F11  From 2015, the insurance premiums would remain the same, regardless of the distribution channel, so the broker could not direct a customer towards a certain insurance provider, by cutting from its own commission. Consequently, the customer would receive the same premium regardless of the offer, different brokers, or even the insurance operator itself. This limited competition between brokers and increased transparency. [paragraphs 59–60]

F12  In November 2016 the Romanian government enacted a limitation to the tariffs for motor liability insurance, applicable for six months, after which the premiums remained in place, even though they were freely established by the insurance companies. [paragraphs 471–75]

F13  Most of the policies were concluded by insurance brokers who compared offers from various operators using intranet platforms communicating with insurance providers via securitized communications protocols. These communication protocols were used by the insurance providers to obtain information from all of their competitors, by using their own resources, brokers, and external market research operators. [paragraphs 56–58]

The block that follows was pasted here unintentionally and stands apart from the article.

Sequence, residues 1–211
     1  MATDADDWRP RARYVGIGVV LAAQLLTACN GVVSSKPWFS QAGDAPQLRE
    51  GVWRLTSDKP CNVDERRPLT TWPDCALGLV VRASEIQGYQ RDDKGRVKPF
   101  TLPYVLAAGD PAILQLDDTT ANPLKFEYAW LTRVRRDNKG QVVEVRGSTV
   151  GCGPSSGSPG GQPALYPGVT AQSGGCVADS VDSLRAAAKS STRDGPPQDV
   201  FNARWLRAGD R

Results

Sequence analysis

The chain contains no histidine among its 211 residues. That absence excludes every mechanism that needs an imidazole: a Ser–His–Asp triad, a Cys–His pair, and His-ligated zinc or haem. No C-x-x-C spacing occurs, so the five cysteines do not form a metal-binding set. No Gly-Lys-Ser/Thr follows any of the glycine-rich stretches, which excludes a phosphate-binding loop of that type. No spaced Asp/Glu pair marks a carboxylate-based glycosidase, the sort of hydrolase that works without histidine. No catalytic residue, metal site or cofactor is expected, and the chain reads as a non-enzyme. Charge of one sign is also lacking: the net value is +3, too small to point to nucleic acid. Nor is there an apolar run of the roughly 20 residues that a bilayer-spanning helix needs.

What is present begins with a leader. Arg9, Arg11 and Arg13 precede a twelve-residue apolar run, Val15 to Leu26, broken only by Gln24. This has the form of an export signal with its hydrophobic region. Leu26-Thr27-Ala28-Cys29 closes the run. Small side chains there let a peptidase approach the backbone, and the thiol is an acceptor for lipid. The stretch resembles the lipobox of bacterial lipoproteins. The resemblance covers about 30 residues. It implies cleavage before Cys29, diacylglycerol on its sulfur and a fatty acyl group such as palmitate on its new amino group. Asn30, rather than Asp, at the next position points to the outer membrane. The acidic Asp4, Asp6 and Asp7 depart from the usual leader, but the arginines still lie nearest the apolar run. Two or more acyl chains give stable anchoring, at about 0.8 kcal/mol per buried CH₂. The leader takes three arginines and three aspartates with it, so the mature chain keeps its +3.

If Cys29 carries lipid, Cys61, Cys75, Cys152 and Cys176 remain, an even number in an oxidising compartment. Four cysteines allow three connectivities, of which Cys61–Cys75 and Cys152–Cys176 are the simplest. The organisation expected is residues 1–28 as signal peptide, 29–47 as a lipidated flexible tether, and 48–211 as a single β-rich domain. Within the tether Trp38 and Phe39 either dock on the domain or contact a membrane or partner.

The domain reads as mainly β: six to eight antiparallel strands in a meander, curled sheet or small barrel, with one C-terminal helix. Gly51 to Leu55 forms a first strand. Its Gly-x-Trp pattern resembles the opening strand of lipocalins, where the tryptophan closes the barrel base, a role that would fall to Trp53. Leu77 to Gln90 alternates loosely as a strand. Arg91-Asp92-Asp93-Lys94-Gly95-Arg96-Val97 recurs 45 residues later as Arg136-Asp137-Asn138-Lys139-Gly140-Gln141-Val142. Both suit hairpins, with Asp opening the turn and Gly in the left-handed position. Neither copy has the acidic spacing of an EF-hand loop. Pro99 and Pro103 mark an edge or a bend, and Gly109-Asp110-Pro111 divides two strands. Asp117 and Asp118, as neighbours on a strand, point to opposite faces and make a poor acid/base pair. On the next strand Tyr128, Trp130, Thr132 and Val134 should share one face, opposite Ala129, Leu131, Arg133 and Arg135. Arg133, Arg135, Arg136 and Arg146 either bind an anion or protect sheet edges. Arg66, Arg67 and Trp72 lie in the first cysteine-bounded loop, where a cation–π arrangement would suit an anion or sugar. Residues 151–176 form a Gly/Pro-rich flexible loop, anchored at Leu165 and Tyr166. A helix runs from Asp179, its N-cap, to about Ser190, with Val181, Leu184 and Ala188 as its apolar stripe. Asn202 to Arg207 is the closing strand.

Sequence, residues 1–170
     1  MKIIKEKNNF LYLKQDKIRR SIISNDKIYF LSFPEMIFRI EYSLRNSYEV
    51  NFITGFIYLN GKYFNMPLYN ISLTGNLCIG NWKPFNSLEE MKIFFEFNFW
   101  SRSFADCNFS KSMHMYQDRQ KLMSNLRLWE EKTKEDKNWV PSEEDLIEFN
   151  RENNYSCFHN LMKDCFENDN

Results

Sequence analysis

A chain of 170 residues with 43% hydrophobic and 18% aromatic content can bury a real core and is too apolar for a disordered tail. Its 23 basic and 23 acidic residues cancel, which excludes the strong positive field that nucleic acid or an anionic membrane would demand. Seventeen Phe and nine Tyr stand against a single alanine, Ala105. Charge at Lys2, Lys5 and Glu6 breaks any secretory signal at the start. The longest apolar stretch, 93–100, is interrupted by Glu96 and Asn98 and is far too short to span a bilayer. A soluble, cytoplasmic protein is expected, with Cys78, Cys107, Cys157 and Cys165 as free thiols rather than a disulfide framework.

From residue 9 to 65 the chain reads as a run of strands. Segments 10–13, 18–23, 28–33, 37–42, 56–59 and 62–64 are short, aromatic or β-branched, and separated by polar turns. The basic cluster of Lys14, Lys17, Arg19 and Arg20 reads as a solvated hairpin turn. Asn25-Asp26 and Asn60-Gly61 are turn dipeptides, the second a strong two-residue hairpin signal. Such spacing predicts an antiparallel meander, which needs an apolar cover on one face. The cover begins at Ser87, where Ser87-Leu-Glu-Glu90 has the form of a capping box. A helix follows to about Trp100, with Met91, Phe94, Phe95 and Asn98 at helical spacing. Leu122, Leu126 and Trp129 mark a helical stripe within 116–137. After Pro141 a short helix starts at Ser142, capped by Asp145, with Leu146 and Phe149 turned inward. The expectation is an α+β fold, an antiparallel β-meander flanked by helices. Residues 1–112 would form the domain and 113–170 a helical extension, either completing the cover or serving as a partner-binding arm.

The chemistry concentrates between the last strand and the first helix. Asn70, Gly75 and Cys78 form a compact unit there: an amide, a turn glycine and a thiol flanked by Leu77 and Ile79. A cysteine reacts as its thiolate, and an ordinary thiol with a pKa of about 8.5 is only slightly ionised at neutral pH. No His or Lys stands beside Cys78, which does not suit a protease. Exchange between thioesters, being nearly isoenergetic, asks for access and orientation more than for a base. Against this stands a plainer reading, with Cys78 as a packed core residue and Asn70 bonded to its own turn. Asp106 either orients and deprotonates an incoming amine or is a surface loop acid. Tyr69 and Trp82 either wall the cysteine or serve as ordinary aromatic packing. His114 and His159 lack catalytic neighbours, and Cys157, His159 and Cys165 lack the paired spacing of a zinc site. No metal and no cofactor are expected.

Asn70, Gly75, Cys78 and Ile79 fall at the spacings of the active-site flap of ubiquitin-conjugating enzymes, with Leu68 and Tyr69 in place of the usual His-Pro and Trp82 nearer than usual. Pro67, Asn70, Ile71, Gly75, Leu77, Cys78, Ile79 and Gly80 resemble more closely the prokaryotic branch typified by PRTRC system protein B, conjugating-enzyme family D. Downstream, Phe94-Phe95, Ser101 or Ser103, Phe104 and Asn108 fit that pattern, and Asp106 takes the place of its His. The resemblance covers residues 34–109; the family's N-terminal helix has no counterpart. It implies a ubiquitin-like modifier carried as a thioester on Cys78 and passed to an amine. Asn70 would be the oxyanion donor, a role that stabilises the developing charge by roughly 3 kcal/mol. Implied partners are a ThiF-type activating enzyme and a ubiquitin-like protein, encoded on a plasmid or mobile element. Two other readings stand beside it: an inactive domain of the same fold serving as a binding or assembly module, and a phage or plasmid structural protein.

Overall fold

F14  During the price war, motor liability premiums plunged, affecting profitability; hence the UNSAR members sought methods to improve financial situations. During UNSAR meetings some of the participants requested Euroins and Carpatica, the largest default debtors of recourse actions, to increase their tariffs. Euroins promised an increase of capital and/or increase in tariffs. New increases of 10–15% in tariffs were announced by UNSAR in 2013 and 2014. Generali also announced an increase in tariffs of 15–16%. Groupama announced during a UNSAR meeting that it reported to the regulator an increase of tariffs of 50%. An article in an online magazine revealed that Allianz prepared the increase by 5–10% of tariffs. City Insurance, which was not a member of UNSAR, was the first to increase the tariffs for motor liability insurance; the other insurance companies, members of UNSAR, followed with various increases in tariffs. The increase in tariffs was different by operator, ‘according to the appetite for risk of each, companies such as Euroins, Astra Carpatica and Asirom wanted a large percentage of policies in their portfolio, and practiced lower tariffs than Generali, Uniqa, Allianz, Groupama and Omniasig.’ [paragraphs 108, 112, 132, 146, 151, 153–54, 173]